Great Article on Index Investing

Improving Your Finances What the Bogleheads Know for Sure

By Christine Benz | 03-03-10 | 06:00 AM | E-mail Article

If you’ve frequented the “Discuss” area of Morningstar.com, chances are you know the name Taylor Larimore. Taylor, a former IRS officer and retired chief of the Small Business Association’s finance division in South Florida, has contributed more than 24,000 posts to the Morningstar.com discussion boards for more than a decade, and also posts on a related site, http://www.bogleheads.org. He is also co-author of two Bogleheads’ books: The Bogleheads’ Guide to Investing (Wiley, 2007) and The Bogleheads’ Guide to Retirement Planning (Wiley, 2009).

I recently caught up with Taylor to discuss his investment philosophy and his view that the simplest investment plans are usually the most effective.

1. What was the genesis of the Vanguard Diehards forum on


I have long been a student of mutual fund investing, and Morningstar is by far the best source of reliable mutual fund information. It is where I go to learn. When Morningstar started its first public forum in 1997, I began asking questions on the John Rekenthaler Forum. John is now Morningstar’s vice president of research and was a wonderful source of information and sound advice. For some reason, a large percentage of the questions (and answers) on the site were from Vanguard investors. Several of us asked the forum administrator at that time, Jenny Barrie, to start a Vanguard Forum. We argued so long and loudly that Morningstar gave us its first company forum and that’s why Morningstar called it “Vanguard Diehards.” I posted in the first conversation in March 1998.

2. You’re a big fan of simplicity when it comes to investing, and that comes through loud and clear in the two Bogleheads’ books. What are some key pieces of advice for those wishing to simplify their investment lives?

I have been investing more than 50 years. Most of those years I spent constructing complex portfolios and often using market-timing strategies–all in an attempt to beat the market. Well, guess what? Despite all the time and effort I was spending trying to beat the market–the market was beating me–especially after taxes. I’ve now come to realize that the best portfolios for ordinary investors are low-cost and simple to understand and maintain. Most unbiased investing experts agree. Index funds are a great starting point for those looking to simplify their investment lives. Jack Bogle introduced the first index fund for retail investors in 1976–the Vanguard S&P 500 Index Fund (VFINX). That fund represents about 75% of the U.S. stock market in market value. Fidelity called his fund, “Bogle’s Folly,” but it is interesting to learn what’s happened. In the 40-year period ending December 2008, $10,000 invested in Vanguard’s S&P Index Fund would have grown to $346,117. During the same period the average managed domestic equity fund increased to$201,513–a huge difference.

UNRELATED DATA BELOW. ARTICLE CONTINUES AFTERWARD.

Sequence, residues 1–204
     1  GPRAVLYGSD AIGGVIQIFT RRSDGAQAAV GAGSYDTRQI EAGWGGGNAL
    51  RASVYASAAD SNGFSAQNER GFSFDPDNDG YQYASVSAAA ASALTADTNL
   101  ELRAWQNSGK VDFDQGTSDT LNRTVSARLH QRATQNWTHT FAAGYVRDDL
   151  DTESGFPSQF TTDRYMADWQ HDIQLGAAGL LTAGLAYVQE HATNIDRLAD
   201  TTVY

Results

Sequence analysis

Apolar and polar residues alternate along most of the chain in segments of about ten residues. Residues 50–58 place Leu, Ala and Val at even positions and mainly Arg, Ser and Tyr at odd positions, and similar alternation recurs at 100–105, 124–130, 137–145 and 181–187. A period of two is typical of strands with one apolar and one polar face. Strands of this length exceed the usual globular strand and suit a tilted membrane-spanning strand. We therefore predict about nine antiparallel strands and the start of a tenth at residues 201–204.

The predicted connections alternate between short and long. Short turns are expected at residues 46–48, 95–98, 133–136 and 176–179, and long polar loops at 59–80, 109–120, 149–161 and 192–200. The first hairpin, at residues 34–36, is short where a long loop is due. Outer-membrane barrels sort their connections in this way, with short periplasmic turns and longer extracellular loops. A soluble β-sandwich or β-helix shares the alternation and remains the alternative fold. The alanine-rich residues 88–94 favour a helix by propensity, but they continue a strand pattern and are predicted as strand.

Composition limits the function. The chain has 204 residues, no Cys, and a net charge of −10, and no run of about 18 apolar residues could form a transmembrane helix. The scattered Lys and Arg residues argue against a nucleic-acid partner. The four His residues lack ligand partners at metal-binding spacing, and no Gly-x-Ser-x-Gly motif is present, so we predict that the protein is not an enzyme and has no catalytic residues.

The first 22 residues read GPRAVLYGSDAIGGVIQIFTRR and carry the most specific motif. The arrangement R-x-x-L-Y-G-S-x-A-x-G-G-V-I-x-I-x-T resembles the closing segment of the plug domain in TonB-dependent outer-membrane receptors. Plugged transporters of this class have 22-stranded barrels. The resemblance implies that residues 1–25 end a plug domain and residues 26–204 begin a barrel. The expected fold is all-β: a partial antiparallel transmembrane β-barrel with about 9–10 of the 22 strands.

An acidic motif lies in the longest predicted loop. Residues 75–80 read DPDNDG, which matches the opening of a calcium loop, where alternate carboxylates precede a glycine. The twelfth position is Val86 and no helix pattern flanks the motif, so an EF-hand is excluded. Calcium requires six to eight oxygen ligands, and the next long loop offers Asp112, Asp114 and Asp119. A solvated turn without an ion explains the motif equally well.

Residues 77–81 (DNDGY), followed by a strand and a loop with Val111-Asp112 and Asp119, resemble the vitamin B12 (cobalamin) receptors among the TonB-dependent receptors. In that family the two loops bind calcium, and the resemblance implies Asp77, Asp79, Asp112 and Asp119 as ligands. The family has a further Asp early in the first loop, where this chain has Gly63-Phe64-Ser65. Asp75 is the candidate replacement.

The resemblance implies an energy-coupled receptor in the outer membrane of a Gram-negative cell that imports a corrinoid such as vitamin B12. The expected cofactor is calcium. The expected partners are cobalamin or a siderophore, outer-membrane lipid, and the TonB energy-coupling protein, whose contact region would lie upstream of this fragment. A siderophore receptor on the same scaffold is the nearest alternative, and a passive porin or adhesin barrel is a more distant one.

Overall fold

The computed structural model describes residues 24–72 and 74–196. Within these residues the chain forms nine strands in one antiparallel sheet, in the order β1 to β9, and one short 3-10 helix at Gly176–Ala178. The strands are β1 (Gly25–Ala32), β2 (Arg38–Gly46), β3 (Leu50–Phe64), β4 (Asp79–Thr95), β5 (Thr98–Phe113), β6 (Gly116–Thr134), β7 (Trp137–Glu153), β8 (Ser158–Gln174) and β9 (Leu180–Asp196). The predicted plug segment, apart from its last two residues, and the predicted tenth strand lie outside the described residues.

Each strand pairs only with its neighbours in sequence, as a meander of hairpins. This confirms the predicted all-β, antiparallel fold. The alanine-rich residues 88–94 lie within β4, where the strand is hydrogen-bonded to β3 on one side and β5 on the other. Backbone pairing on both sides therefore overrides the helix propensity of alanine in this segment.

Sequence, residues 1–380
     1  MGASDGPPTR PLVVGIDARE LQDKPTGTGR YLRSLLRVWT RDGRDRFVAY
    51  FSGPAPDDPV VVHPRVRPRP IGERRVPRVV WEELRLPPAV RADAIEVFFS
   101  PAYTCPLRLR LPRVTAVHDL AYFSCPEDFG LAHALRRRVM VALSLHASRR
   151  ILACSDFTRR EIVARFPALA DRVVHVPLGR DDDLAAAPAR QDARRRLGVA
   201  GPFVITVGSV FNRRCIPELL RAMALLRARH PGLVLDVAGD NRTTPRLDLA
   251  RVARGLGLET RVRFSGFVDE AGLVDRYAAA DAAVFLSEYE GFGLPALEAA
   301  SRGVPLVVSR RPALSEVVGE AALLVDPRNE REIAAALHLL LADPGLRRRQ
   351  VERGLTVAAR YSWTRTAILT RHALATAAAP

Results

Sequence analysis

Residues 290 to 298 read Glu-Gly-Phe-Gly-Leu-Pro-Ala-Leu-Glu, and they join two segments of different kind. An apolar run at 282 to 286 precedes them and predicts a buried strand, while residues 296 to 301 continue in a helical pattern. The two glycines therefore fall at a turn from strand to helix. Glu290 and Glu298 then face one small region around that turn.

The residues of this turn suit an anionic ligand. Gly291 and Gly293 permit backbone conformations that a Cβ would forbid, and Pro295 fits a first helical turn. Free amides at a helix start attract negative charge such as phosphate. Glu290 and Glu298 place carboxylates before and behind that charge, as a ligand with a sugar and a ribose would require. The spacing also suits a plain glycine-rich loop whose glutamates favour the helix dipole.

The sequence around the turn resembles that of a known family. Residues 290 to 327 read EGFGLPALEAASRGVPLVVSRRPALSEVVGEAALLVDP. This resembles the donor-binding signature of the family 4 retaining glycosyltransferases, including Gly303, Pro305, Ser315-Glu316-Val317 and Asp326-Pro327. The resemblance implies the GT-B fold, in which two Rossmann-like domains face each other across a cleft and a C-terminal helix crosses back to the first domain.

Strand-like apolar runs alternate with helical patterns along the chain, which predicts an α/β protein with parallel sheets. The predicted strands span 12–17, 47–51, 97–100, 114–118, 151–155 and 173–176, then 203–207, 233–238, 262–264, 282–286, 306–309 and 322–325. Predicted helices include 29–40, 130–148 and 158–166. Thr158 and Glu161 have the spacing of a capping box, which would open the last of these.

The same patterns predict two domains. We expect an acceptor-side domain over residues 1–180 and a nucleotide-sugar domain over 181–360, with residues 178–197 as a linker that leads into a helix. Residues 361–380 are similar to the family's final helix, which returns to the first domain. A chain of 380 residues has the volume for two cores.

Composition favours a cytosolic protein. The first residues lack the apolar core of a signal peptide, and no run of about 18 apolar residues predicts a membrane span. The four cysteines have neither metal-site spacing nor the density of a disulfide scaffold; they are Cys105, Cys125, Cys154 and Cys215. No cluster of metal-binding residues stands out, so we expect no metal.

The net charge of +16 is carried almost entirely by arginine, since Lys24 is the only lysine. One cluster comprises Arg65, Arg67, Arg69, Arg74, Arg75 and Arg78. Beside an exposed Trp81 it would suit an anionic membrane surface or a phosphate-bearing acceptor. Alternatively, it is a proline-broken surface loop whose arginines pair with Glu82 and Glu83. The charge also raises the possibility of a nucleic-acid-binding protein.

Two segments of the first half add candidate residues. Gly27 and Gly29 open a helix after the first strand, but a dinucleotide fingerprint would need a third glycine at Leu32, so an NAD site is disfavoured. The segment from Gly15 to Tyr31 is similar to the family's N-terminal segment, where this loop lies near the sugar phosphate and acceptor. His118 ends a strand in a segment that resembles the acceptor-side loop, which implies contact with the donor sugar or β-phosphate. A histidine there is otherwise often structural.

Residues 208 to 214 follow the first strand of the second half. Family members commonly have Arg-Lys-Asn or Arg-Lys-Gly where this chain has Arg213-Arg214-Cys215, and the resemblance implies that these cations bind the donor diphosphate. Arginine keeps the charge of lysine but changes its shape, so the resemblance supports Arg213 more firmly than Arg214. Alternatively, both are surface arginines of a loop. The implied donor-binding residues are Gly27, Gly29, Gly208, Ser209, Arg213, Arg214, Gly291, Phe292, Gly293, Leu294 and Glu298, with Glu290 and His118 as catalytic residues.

The Arithmetic of Active Management by Nobel Laureate William Sharpe explains why an average actively managed fund must have a lower return than the average index fund. Other significant advantages of index funds are less volatility, neverbelow-average returns, no manager changes, no overlap, no style drift, tax efficiency, and peace of mind leaving more time for family and other endeavors.

Total market index funds make it even easier to build and oversee a simple and effective portfolio. Vanguard Total Bond Market Index Fund (VBMFX) was launched in 1986, followed by Total Stock Market Index Fund (VTSMX) in 1992 and Total International Stock Index Fund (VGTSX) in 1996. Using just these three funds, representing more than 10,000 individual securities, today’s investor can achieve market returns (less costs) with diversification that was unheard of when I started investing. A second key to investment simplicity is to stay the course. Once we have decided on our asset allocation, it is important to do nothing (except rebalance). This is much harder than it sounds because Wall Street’s marketing machine, aided by the media, is constantly urging us to take action. Bogleheads call this “investment pornography.” Mr. Bogle wrote in Common Sense on Mutual Funds: “‘Stay the course.’ It is the most important single piece of investment wisdom I can give to you.” Other investing experts agree.

3. Your latest book, The Bogleheads’ Guide to Retirement Planning, was a collaborative effort with several other longtime Bogleheads. What are some of the key pieces of advice you would give to retirees attempting to navigate the current environment of very low yields?